506 Docs® claims that Reg D is a hidden secret in the world of small business finance. In doing our research for this article we learned that their claims are indeed valid. We had a very hard time getting real information from anyone in the industry, that is, information beyond what is available in online articles. Sure, they gave us bits and pieces of the general rules, but then quickly moved into charging a fee for detailed analysis.
In our research we found that over $1T was raised using Regulation D in 2010, 2011, 2012 and 2013, with a hefty uptrend after the passing of The Jobs Act in 2012. Followed by another uptrend in 2013, after the SEC finally got around to releasing formal rules surrounding Regulation D Rule 506(c).
Before The Jobs Act business owners could not solicit investors in any way, without risking nasty lawsuits and/or criminal actions. As 506 Docs® explains in their blogs, after October 2013, small business owners can now seek out investors and place an advertisement about their need for private investors. The Jobs Act dictated that the SEC create rules that allow for general advertising to certain qualified investors, known as Accredited Investors.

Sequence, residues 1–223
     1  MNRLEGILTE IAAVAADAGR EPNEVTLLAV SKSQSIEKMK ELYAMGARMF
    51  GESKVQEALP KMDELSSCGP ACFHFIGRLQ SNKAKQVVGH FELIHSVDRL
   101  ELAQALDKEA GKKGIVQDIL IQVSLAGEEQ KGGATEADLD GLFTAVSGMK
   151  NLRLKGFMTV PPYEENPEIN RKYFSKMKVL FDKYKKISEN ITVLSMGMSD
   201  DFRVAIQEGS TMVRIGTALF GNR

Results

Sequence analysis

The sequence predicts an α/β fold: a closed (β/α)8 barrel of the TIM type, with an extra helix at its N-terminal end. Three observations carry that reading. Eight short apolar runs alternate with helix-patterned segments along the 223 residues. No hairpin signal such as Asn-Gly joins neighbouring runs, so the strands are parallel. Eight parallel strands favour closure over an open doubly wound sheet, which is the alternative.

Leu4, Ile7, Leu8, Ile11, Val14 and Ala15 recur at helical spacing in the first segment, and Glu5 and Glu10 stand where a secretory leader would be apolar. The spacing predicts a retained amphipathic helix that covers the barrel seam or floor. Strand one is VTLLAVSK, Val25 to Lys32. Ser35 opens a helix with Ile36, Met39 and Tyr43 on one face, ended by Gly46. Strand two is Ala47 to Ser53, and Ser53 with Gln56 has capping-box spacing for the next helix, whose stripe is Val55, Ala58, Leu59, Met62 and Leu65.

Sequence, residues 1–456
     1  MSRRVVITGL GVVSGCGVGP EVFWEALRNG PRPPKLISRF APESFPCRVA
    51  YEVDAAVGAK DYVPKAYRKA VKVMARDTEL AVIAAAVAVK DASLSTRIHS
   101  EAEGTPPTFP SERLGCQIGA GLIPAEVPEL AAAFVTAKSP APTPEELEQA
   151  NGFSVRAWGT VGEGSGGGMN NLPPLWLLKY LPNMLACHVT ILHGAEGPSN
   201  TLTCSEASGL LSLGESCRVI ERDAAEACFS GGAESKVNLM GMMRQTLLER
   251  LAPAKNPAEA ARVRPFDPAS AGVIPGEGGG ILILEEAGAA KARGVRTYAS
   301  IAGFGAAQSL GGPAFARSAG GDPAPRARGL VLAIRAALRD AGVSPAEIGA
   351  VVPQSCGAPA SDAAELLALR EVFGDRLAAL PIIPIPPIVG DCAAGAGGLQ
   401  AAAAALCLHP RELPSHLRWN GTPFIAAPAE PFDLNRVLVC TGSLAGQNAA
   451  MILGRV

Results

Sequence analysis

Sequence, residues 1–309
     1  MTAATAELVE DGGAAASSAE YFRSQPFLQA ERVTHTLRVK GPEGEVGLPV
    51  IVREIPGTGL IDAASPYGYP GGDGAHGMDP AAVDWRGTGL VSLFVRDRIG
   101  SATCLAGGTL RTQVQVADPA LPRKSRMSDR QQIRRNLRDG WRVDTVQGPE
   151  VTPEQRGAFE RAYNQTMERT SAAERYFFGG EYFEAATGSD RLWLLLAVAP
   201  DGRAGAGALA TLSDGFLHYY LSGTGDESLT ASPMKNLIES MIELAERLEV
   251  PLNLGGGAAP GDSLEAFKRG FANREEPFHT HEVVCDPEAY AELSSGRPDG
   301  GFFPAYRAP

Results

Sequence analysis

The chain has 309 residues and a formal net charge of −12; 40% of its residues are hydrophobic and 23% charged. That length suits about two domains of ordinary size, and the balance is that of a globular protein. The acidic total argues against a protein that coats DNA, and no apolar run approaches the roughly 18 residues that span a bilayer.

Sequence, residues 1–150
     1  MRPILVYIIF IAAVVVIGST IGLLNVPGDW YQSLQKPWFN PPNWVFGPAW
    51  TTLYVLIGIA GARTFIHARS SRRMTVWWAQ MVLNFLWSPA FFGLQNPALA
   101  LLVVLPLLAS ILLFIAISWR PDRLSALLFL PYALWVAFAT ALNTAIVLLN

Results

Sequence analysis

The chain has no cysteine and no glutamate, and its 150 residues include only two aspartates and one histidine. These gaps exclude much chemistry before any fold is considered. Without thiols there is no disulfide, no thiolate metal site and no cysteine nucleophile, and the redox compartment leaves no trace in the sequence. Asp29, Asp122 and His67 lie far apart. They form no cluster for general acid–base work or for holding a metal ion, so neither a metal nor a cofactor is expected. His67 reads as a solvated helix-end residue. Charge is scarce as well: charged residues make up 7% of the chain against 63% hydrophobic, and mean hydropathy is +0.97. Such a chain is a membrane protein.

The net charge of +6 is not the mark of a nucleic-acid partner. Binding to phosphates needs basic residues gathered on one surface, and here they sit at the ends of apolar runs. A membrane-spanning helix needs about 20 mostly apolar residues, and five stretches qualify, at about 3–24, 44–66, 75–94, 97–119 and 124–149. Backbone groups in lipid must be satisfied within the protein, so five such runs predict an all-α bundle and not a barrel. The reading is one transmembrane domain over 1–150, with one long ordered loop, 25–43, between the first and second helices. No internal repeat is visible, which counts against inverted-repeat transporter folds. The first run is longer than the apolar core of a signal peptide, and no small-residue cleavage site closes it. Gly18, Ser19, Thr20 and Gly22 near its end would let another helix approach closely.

What is important to note about The Jobs Act, besides the obvious Crowdfunding inclusion, is that it seems to have opened up a window of opportunity for the onslaught of Crowdfunding companies, who are now charging business owners a monthly fee for Regulation D Advertising.
We found 506 Docs® everywhere, Google, Yahoo, Bing, Linkedin, Facebook, Twitter, you name it. We do indeed recommend taking some time to read the highly informative blogs at 506 Docs® and then checking out their IndieGoGo Crowdfunding Campaign.
The website provides tutorials, blogs, faq's and template forms. Private Placement Memorandum Templates (PPM Templates) and everything else a small business owner needs to conduct a small capital raise using Regulation D Rule 506(b) and 506(c).